So at what point will information technology become “too much information” technology? Love it or hate it, you’re likely going to find out!

Climate Change Education?

Posted December 22, 2010 By Steve

“There is something fascinating about science. One gets such wholesale returns of conjecture out of such a trifling investment of fact.” — Mark Twain

a factory

When it comes to climate change, I have to admit that I don’t really know what’s going on. I know that both sides are cocksure and have incentive to promote their positions, meaning that neither should be trusted out of hand. It seems that more experts believe that the climate is changing than not, but that’s only so helpful to me, as I’ve worked with university faculty, and have seen firsthand how impressed with their own infallibility they can be, and how rarely they change their mind once it’s made up. There’s good reason for the saying that science advances one funeral at a time.

The way I see it, the climate change issue is really a series of three questions, all of which must be answered affirmatively for dramatic action to be warranted:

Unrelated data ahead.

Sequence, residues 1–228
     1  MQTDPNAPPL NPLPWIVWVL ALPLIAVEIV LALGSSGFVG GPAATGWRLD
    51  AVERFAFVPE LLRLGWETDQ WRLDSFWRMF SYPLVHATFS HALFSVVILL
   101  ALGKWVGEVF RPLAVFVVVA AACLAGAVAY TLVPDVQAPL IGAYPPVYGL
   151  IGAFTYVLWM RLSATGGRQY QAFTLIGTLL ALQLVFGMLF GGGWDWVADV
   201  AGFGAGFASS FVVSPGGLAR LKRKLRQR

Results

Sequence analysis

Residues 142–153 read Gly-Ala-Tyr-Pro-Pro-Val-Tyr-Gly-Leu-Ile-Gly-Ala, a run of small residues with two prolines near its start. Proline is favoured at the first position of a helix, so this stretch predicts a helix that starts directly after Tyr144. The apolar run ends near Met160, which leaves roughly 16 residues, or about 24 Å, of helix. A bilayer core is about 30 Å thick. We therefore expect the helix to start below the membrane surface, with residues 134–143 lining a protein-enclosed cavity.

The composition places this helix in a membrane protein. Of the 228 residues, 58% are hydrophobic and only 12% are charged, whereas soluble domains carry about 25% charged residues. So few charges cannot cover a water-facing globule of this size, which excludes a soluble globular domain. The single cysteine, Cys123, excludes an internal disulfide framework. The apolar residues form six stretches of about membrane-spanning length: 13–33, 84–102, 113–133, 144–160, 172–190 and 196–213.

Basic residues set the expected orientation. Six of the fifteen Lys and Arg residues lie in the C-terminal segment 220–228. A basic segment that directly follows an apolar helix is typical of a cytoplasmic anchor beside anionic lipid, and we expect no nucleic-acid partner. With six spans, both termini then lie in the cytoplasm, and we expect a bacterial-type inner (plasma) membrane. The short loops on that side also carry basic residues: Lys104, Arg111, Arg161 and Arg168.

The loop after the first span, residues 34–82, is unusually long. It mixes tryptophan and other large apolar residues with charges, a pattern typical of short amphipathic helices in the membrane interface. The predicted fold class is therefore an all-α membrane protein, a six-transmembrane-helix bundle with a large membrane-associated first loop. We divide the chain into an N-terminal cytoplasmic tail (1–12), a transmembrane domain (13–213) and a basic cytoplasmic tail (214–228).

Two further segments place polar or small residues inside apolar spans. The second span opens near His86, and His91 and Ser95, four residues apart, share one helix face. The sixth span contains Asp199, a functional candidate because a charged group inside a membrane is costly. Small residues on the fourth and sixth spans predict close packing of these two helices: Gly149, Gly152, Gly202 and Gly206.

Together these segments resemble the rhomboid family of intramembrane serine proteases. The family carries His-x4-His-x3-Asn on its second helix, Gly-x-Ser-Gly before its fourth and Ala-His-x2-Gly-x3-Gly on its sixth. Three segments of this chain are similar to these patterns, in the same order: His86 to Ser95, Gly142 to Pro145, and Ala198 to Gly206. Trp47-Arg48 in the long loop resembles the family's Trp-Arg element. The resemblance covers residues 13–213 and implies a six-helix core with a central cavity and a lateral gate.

1. Is the climate really changing?
  2. If so, are we causing it?
  3. If we are, is it worse for us than de-industrialization would be?

While I’m no climatologist and don’t claim to know for sure, I expect the answer to the first one is probably yes. I realize there are some issues with the data that are used to support this theory, but given that the climate has always been dynamic, it’s not so difficult to believe that the average global temperature is on an upswing.

I can also believe that the second one is at least partially yes. The long list of species that we’ve hunted to extinction show that humans can affect the environment to its detriment. If there are enough of us, we don’t even need advanced technology to do it — ask a woolly mammoth.